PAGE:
That is the view of 1996 title winner Damon Hill, who named the Spaniard as probably the toughest challenger Sebastian Vettel could possibly face for the Interlagos showdown.
"If he had any other opponent, I would say that Sebastian would definitely win with his 13 points advantage," the Briton told the German newspaper Die Welt.
"But you can't write off someone like Fernando Alonso. He is such a clever and tough driver and he always seems to pull off something extraordinary.
"Anything is possible in Brazil."
Nonetheless, the mainly Ferrari-loving readers of Italian sports daily La Gazzetta dello Sport concede that Alonso has only a 20 per cent chance to win in Brazil.
"He has an advantage, no question," Hill agreed.
"If I had to put a percentage on it, I would say the odds at 65 per cent in favour of Vettel."
And if German Vettel does add a third consecutive title to his tally on Sunday - a feat not achieved so early in Michael Schumacher's career - Hill thinks the 25-year-old could be on the road to eventually eclipsing Schumacher's record achievements.
"Someday, he certainly could," Hill said. "It's still a long way away of course. But he could certainly venture into that territory.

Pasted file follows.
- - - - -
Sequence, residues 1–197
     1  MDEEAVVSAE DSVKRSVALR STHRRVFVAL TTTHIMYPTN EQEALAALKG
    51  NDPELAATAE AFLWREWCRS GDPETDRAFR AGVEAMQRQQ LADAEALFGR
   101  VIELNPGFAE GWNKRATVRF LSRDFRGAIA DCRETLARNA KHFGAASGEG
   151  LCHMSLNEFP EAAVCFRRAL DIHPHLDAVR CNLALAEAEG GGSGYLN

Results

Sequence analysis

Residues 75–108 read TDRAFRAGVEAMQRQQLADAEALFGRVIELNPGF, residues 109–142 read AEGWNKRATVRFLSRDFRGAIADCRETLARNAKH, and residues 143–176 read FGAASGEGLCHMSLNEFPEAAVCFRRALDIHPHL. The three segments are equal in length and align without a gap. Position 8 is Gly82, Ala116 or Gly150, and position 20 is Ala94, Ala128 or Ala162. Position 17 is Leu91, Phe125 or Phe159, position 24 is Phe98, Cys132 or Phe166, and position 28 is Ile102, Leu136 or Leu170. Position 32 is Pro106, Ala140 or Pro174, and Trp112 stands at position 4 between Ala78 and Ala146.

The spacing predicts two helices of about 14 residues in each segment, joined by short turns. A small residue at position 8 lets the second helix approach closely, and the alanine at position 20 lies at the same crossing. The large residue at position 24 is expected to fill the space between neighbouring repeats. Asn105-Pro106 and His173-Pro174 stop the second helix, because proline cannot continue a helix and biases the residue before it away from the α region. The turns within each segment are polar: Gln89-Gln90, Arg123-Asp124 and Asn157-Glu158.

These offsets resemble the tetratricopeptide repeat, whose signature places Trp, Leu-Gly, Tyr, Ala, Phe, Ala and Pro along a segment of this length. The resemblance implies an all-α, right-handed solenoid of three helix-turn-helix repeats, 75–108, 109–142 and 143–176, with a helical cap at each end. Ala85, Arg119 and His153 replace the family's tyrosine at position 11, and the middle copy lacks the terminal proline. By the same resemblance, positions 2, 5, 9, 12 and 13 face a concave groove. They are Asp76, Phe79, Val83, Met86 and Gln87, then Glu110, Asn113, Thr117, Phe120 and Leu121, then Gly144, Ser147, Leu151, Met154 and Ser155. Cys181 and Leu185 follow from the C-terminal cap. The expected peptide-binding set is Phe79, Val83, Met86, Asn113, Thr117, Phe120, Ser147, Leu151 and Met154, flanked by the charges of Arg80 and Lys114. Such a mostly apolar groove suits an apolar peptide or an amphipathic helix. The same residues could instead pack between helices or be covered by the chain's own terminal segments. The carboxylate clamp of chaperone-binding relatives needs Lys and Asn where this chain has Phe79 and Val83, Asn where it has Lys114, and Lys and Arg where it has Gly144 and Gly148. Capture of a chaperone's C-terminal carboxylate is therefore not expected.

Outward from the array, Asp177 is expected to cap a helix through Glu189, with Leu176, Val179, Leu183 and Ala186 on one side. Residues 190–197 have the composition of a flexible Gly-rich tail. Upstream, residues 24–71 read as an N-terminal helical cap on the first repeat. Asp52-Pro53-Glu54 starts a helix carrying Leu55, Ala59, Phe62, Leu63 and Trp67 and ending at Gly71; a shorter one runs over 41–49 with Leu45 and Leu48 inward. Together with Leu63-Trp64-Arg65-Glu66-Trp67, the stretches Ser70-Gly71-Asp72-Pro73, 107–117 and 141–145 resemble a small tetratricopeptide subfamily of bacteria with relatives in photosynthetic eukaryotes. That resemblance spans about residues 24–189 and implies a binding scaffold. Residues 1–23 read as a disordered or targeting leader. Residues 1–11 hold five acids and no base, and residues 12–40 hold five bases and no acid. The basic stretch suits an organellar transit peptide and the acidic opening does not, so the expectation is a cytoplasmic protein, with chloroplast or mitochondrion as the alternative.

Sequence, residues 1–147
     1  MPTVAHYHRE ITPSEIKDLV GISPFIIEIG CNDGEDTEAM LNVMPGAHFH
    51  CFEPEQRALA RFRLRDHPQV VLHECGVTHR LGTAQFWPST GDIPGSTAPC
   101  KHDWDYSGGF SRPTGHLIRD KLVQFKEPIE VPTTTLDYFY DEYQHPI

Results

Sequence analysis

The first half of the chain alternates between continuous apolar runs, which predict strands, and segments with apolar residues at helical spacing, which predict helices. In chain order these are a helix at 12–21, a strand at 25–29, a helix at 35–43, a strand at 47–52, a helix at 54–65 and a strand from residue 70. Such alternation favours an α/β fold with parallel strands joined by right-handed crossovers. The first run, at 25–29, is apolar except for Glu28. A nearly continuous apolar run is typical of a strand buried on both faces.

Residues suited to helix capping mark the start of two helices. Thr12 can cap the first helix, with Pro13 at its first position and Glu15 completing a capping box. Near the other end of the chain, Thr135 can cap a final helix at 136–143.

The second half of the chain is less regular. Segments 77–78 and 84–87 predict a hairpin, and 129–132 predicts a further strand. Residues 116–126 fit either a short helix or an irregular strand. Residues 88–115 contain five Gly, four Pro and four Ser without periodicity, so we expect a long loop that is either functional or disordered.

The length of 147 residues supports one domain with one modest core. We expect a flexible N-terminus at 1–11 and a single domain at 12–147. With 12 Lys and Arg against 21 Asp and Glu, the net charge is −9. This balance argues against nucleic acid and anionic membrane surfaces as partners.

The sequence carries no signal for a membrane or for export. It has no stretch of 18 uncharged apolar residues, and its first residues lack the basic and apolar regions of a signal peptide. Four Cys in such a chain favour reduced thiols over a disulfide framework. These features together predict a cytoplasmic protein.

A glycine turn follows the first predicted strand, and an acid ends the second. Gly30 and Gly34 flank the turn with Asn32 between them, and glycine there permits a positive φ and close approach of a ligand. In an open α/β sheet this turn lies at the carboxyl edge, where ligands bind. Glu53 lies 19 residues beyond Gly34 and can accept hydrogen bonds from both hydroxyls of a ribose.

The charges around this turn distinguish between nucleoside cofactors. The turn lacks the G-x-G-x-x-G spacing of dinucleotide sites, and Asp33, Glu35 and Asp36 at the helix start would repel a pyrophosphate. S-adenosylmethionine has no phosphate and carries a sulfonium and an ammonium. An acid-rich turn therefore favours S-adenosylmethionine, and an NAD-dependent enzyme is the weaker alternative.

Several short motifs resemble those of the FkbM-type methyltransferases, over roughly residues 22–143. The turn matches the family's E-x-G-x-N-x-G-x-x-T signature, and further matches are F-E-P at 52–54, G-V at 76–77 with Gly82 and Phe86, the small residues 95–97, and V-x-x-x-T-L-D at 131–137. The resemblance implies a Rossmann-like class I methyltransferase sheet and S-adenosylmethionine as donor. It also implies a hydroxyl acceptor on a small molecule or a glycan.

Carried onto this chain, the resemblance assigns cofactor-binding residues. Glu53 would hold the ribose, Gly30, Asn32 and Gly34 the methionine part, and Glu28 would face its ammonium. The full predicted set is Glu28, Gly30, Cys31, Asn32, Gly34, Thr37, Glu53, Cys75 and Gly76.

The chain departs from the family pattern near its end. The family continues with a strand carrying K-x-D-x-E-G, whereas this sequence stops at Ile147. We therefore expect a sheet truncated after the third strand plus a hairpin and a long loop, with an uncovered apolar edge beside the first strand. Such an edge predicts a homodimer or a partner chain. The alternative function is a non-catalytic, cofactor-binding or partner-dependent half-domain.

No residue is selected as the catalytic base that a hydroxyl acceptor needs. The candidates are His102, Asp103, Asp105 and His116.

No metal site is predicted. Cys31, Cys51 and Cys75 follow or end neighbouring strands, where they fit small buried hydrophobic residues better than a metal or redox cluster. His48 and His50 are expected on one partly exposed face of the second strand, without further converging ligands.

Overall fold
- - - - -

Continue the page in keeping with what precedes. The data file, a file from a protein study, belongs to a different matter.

"If Vettel wins in Brazil, then you can certainly imagine him winning two more championships -- at least."
Karl Wendlinger, a former Sauber driver, told Austrian Servus TV this week that on a dry track and in the absence of reliability problems, Vettel should easily finish ahead of Alonso in Brazil.
So that is where the sport's gaze is centred at the moment: on Red Bull and Renault's last-minute efforts to solve the recurring alternator problem, and on a forecast of almost certain rain for both qualifying and the race in Sao Paulo.
"We want to win the race," said Vettel. "Failing that, we want to be second or third."
The podium, or even a fourth place, would guarantee Vettel the title. Still, Italy is not giving up.
"Believe in yourself, Ferrari," La Gazzetta dello Sport hailed. "Believe in Fernando, the track, and the weather."